For months Trump has criticized NFL player Colin Kaepernick, whose decision to sit during the national anthem before games last year sparked continued protests against the treatment of minorities by police and the broader justice system. Trump escalated things this fall when he called for Kaepernick and other participants in the NFL protest to be fired, which led to increased attention to the protests.

When NBA player Steph Curry said in September that he would vote against going to the White House should his championship team be invited, Trump had a strong reaction to that too, tweeting that a White House visit “is considered a great honor” and that the Golden State Warriors were no longer invited to visit the White House. The attacks didn’t stop there, Trump has also gone after ESPN’s Jemele Hill (who criticized him directly), and his comments about Curry and the NFL have prompted other black athletes to speak out against the president in recent months.

Agitating around the culture wars is something Trump seems to be incredibly comfortable doing. He repeatedly turns to cultural issues when he suffers setbacks on political issues or is under pressure. (One theory right now is that special counsel Robert Mueller’s investigation is causing the president stress.) And he’s landed on sports as an easy place to make his stand as a defender of “traditional” values.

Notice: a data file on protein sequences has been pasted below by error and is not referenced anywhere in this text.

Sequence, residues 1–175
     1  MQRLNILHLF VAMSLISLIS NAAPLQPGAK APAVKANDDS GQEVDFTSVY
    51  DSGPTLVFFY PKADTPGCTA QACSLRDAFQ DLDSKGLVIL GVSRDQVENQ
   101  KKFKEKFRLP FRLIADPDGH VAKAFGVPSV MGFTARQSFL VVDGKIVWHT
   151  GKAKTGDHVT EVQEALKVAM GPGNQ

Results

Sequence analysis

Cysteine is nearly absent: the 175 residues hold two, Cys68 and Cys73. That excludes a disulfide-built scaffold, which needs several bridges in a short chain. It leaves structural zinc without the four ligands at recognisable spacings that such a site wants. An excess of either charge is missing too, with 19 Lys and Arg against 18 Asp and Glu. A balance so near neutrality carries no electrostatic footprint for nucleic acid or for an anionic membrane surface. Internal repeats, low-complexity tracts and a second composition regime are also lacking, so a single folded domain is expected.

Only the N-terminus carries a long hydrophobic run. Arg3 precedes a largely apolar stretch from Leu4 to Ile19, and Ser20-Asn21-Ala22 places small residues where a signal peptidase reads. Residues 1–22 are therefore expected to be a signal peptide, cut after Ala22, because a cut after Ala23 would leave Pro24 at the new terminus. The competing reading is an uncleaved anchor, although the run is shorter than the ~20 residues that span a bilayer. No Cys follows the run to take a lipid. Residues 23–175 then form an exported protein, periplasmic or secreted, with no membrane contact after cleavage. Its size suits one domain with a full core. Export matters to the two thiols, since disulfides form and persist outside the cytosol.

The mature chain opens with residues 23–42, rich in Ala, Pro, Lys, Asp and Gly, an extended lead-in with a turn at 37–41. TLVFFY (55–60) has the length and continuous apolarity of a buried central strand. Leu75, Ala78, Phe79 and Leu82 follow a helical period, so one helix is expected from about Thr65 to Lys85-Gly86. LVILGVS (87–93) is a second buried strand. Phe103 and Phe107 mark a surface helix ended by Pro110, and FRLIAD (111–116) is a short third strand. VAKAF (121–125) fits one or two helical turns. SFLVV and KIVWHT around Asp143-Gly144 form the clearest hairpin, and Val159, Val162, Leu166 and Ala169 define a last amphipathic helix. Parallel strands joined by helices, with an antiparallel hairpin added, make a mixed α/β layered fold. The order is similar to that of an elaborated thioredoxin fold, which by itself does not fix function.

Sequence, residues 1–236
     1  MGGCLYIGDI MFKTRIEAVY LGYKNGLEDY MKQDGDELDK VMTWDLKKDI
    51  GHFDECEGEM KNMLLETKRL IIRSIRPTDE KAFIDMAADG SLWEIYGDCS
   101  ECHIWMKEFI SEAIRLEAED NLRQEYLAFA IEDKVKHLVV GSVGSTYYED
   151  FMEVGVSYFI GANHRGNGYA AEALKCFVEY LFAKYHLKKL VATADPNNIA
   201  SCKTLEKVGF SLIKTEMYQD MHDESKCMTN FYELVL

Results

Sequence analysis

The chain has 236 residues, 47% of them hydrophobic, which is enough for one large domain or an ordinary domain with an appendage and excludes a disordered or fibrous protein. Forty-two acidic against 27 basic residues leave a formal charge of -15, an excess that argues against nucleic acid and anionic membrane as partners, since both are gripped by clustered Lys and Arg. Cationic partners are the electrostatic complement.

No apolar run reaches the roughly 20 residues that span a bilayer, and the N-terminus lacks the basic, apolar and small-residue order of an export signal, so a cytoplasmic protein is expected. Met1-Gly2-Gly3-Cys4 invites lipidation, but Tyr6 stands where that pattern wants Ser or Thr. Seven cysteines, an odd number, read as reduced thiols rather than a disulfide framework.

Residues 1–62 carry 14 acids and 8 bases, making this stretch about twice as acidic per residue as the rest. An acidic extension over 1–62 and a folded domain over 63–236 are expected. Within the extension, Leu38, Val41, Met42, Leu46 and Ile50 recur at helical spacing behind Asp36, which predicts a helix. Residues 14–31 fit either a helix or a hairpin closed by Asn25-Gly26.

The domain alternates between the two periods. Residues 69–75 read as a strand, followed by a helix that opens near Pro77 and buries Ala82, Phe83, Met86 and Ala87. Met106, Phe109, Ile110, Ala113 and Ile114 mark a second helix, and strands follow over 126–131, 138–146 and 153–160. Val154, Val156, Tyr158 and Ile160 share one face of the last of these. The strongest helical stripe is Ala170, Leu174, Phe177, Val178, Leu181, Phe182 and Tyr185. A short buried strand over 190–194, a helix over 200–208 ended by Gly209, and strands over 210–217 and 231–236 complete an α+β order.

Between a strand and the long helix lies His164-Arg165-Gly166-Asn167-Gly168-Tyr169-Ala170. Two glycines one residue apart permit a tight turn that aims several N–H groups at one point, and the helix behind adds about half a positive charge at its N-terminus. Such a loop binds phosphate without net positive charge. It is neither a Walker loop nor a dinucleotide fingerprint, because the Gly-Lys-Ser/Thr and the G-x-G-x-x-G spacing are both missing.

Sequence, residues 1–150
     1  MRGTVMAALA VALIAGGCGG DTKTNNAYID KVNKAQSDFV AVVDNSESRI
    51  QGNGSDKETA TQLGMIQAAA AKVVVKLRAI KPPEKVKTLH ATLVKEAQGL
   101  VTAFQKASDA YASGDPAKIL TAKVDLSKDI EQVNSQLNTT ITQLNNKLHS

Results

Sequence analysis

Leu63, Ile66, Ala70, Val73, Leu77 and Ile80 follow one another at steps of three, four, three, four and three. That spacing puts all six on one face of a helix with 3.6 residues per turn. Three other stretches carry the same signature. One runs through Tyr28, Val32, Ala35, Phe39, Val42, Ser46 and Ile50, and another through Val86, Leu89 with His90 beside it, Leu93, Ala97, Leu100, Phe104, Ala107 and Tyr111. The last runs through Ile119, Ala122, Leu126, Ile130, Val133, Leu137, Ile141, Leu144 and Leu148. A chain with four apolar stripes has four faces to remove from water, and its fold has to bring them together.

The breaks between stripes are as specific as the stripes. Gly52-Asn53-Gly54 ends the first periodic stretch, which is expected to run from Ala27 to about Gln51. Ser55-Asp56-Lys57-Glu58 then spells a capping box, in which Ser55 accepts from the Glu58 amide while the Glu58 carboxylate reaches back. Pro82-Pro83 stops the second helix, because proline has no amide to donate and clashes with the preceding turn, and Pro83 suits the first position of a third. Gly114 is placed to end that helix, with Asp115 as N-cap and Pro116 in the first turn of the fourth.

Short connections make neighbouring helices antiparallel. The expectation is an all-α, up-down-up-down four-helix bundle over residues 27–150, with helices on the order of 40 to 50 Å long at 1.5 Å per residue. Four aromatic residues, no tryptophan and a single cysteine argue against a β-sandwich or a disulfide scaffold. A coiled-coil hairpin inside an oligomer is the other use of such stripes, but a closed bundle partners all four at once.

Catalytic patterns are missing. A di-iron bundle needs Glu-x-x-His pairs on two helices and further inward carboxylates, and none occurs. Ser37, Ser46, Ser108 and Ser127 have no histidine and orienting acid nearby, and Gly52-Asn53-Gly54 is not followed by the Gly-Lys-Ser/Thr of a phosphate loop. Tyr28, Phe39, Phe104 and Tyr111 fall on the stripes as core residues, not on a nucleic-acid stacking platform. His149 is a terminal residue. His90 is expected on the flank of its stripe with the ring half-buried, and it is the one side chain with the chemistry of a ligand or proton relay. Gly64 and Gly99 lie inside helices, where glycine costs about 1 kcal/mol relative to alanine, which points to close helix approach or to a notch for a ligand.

But another part of the problem is that Trump often fails to distinguish between what he feels he is owed as a person and what he is actually owed as president. As Vox’s Matt Yglesias explained shortly after Trump criticized the protesting NFL players and Curry this year, the president “puts a high premium on matters that affect him personally.” This in turn, leads Trump to believe that an offense to him is equal to an offense to the country, and causes him to wield the force of the presidency against private citizens.

This happened in the past with his reactions to Curry and Jemele Hill. We’re seeing this with his UCLA tweets as well. In one tweet Trump makes clear that thanks should not go to the White House or the State Department, but to him directly, and that by failing to give him this thanks, LaVar Ball is being “ungrateful.” It’s petty, but because Trump feels slighted, all of America should too.

The NFL attacks come from an opposite place, one where Trump perceives himself as the best defender of American patriotism, using his position to call out athletes unwilling to show respect to the country that made them millionaires. But Trump uses the same language in both attacks, making his personal critiques sound just as heated as his cultural ones. Over time, these attacks become indistinguishable. It’s an exhausting cycle, one that even Trump’s supporters may be getting tired of. But it is clear that the president reflexively turns to these issues, and that’s unlikely to change anytime soon.